Archive | Comparisons RSS feed for this section

Iroshizuku Ku-Jaku vs. Noodler’s Turquoise/Eel Blue mix?

6 Aug

[tweetmeme source=”dizzypen” only_single=false

Disclaimer: The goal of these reviews is to find inks that are similar in color and behavior to the Iroshizuku line but at a lower price point. This should not be construed as an attempt to find exact replicas. That is not possible. The Iroshizuku inks succeed at being unique. The only way you can get an exact match is to save up for the Iroshizuku. Whether or not these suggestions work for you is entirely up to you.

Ku-Jaku is easily my favorite of the Iroshizuku line. I wish I could offer you a ready-made substitute, but honestly I just can’t find one. This color is just that unique. Every turquoise I tried was either too green, too blue, too light or too dark. Then there is the issue of shading too much or too little.

The closest sub was Noodler’s Turquoise (standard not eel), but it was too green. So I started to mix it with Eel Blue. I finally came up with a good mix: Noodler’s Turquoise to Eel blue mixed 3:2. The resultant mix is just about exact in color except that the mix is just a hint more green than Ku-Jaku. Even though the color is nearly identical I am still not happy to call this a real substitute. There’s nothing wrong with it, but it just doesn’t have the Ku-Jaku feel (if you’ve ever used the ink you’ll know what I mean).

Here is a swab comparison of the two:

Noodler’s Turquoise/Eel Blue is

  • Darker than Ku Jaku
  • A little more green
  • Shades a lot more
  • Doesn’t have that “it factor”

Here are the accompanying review cards and sheets (click to enlarge):

I haven’t tried every blue-green there is. If you know of a better substitute please let me know.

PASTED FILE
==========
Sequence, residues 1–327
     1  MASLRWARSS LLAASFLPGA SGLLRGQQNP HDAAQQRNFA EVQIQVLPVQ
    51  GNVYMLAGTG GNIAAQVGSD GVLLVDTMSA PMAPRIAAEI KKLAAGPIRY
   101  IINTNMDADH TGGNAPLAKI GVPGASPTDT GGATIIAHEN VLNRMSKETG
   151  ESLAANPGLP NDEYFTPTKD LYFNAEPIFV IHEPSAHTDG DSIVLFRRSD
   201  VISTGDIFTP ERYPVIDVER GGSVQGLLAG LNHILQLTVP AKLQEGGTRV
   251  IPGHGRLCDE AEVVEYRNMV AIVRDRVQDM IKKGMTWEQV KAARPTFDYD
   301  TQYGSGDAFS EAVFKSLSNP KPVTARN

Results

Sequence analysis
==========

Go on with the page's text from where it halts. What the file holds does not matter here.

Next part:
No Affil.


Scan of 7 new Diamine colors

5 Aug

[tweetmeme source=”dizzypen” only_single=false

Today I received a package of 30 Diamine inks. In that package was 7 of the 8 new Diamine colors. Since I know several people are anxious to see what they look like I quickly swabbed and dip tested each one. There will be full length reviews just as soon as I can manage it. My favorite so far is Asa Blue.

Red Dragon: Appears brighter in this scan than in person
Oxblood: true to color
Syrah: true to color
Evergreen: a little too yellow here, but very close to true
Green/Black: a little too much blue
Asa Blue: true to color
Twilight: true to color

(Click to enlarge and sharpen the photo, but be forewarned, the image is huge)

These samples were sent to me by the good folks at Diamine. I am not otherwise affiliated with them.


Iroshizuku Yama Budo vs. Noodler’s Saguaro Wine

4 Aug

[tweetmeme source=”dizzypen” only_single=false

This is the first installment in my Iroshizuku segment. Before I begin let me add a disclaimer: The goal of these reviews is to find inks that are similar in color and behavior to the Iroshizuku line but at a lower price point. This should not be construed as an attempt to find exact replicas. That is not possible. The Iroshizuku inks succeed at being unique. The only way you can get an exact match is to save up for the Iroshizuku. Whether or not these suggestions work for you is entirely up to you.

Yama Budo is one of my favorite Iroshizuku inks. It is a deep rich sort of mauve color. It is very reminiscent of grapes and wine. As with all the Iroshizuku Inks it is very well-behaved. The only problem for me is the price. Of the inks I have tried, Noodler’s Saguaro Wine comes the closest to being a substitute for Yama Budo. It is almost the exact color except that SW is a bit brighter and pinker than YB which is matte-er and redder than SW. As you can see from the scanned reviews, depending on the pen these two inks can be largely indistinguishable.

Here is a quick comparison card. Swabs have a way of highlighting the differences between similar inks, but those differences diminish when you run the inks through fountain pens.

Saguaro Wine is

  • Pinker and brighter (try mixing in a little red to get the color closer to YB)
  • Higher saturated
  • Slower drying (you can fix this by adding a little water to SW)
  • Smears on Rhodia paper (you can fix this by adding a little water to SW)

Reviews for each (click to enlarge the pictures):

All images were scanned in at 600dpi and then compressed. All images were adjusted in the exact same fashion.

Other suggestions for substitutes (from FPN):

  • Private Reserve Plum
  • J. Herbin Rose Cyclamen
  • Diamine Claret
  • Rohrer & Klingner Magenta
  • Caran d’Ache Storm

If you have a moment please leave some feedback. Do you like this set up? Is there some other information you want me to include? Do you know of another substitute?

Thanks for looking. No Affil.


Pilot Iroshizuku!

2 Aug